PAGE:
Date: Tuesday, June 4, 2019
Session Time: 6:00pm-7:00pm
Presentation Time: 6:00pm-7:00pm
Location: Hall C & D
*Purpose: The clinical relevance and tissue-specific role of Notch1 activation, a highly conserved transmembrane receptor involved in cell fate decision, proliferation and regeneration, in orthotopic liver transplantation (OLT) remains to be elucidated. We utilized a clinically-relevant mouse OLT model, and screened human liver transplant biopsies (Bx) to dissect the role of hepatic Notch1 signaling in IR-stressed OLT.
*Methods: In the clinical arm, hepatic Bx were obtained from liver transplant patients (n=60) at 2h post-reperfusion (prior to abdominal closure). The expression of Notch1 intracellular domain (NICD) target gene was evaluated by Western blots. In the experimental arm, WT or myeloid-specific Notch1 deficient (mN1-KO) livers (C57/BL6) subjected to extended (18h) ex-vivo cold storage were transplanted into syngeneic WT recipients; OLT and sera samples were collected at 6h post-reperfusion. Some mouse recipients were treated with a putative Notch1 activator, Serelaxin (SER, 5μg/kg i.v. at reperfusion).
*Results: Post-reperfusion NICD levels in clinical OLT Bx correlated negatively with mRNA levels coding for TLR4 (r=-0.334, p=0.013), CXCL10 (r=-0.286, p=0.034) and Cathepsin G (neutrophil marker; r=-0.343, p=0.010); as well as with sAST (r=-0.381, p=0.003) and sALT (r=-0.367, p=0.004) levels at POD1. Liver Bx with high-NCID levels (n=30) were characterized by decreased expression of TLR4/CXCL10/Cathepsin G (p<0.05), along with lower sAST (252±37 vs 858±373 IU/L, p=0.029) and sALT (256±34 vs 434±65 IU/L, p=0.037) at POD1; and showed improved rejection-free OLT survival (3-years: 87% vs 68%, p=0.076, median follow-up of 1287 days) as compared to low-NICD group (n=30). Treatment of mouse OLT with SER: 1/ increased NICD expression; 2/ decreased sAST levels (1315±520 vs 3204±1539 IU/L, n=10/10, p<0.001), Suzuki's histological grading (p<0.05), frequency of TUNEL+ cells (p<0.05); 3/ inhibited neutrophil/macrophage infiltration (p<0.05); 4/ depressed CXCL10/MCP1/CXCL2 mRNA levels (p<0.05); and 5/ improved overall survival (2-weeks: 60% vs 31%, p=0.016), all documenting the therapeutic potential of OLT-specific Notch1 activation. In marked contrast to WT liver grafts, myeloid-deficient Notch1 livers (mN1-KO>WT) suffered exaggerated IR-damage, evidenced by sALT (9127±4276 vs 4633±2678 IU/L, n=7/7, p=0.020), Suzuki’s histological grading (p<0.05), frequency of TUNEL+ cells (p<0.05); increased neutrophil/macrophage infiltration (p<0.05); and enhanced CXCL10/MCP1/CXCL2 (p<0.05) mRNA levels.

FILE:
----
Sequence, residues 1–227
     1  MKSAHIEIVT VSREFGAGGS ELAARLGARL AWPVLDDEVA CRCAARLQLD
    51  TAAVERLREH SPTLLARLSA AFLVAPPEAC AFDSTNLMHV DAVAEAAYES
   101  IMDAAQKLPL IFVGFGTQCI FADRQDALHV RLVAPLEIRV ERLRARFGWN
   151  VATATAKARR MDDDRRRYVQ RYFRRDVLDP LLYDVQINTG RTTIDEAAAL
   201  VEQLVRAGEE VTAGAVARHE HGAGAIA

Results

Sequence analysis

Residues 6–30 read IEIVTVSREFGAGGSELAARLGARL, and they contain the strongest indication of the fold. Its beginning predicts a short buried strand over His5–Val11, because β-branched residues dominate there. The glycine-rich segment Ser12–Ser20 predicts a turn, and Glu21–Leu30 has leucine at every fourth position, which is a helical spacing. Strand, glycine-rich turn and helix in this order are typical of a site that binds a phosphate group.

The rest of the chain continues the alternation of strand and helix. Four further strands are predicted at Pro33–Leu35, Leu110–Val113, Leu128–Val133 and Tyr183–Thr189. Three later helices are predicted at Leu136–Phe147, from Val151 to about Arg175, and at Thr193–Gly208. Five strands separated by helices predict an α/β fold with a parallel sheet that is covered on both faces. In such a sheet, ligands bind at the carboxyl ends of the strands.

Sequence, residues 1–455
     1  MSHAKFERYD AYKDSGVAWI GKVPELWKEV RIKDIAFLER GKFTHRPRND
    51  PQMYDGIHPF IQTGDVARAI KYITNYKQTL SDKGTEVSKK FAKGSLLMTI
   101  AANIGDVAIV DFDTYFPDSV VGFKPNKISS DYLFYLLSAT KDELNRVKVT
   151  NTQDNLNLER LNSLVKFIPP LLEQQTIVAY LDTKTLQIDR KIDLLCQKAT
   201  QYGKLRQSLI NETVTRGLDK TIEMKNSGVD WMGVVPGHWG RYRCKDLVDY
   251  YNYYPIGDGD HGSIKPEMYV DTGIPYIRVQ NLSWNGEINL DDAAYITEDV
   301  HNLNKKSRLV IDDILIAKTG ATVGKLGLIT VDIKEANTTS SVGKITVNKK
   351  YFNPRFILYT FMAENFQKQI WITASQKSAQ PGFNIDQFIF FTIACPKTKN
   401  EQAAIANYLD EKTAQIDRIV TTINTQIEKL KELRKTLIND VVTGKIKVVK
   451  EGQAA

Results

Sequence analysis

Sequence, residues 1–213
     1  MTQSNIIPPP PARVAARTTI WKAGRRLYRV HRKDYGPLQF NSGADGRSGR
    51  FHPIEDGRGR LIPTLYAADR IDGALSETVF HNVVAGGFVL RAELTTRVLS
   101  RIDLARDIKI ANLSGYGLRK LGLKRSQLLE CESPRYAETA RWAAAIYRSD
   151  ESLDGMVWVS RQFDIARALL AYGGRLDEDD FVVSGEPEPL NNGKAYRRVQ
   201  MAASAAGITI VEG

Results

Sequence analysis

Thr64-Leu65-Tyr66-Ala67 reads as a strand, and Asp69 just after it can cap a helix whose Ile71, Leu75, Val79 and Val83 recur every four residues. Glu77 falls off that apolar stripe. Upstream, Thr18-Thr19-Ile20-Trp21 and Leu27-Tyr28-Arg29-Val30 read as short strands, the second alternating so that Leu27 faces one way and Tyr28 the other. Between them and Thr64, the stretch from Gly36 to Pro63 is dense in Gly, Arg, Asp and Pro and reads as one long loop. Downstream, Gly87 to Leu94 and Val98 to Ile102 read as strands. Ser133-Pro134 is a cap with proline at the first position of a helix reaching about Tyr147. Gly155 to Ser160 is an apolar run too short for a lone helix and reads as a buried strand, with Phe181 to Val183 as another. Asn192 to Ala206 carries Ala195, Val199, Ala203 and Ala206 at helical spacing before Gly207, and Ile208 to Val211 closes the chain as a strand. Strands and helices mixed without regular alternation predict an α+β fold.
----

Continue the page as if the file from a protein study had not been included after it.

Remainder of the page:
*Conclusions: This translational study highlights the cytoprotective role of hepatic Notch1 activation, especially in donor liver Kupffer cells, to regulate innate immune-driven inflammation response and preserve OLT function. These findings provide the rationale for Notch1 inducing novel therapeutic strategies in IR-stressed liver transplant recipients.
To cite this abstract in AMA style:Kadono K, Kageyama S, Hirao H, Nakamura K, Ito T, Dery KJ, Oncel D, Ke B, Kaldas FM, Busuttil RW, Kupiec‐Weglinski JW. Notch1 Signaling Protects Liver Grafts from Ischemia Reperfusion Injury: From Mouse to Human [abstract]. Am J Transplant. 2019; 19 (suppl 3). https://atcmeetingabstracts.com/abstract/notch1-signaling-protects-liver-grafts-from-ischemia-reperfusion-injury-from-mouse-to-human/. Accessed February 18, 2020.
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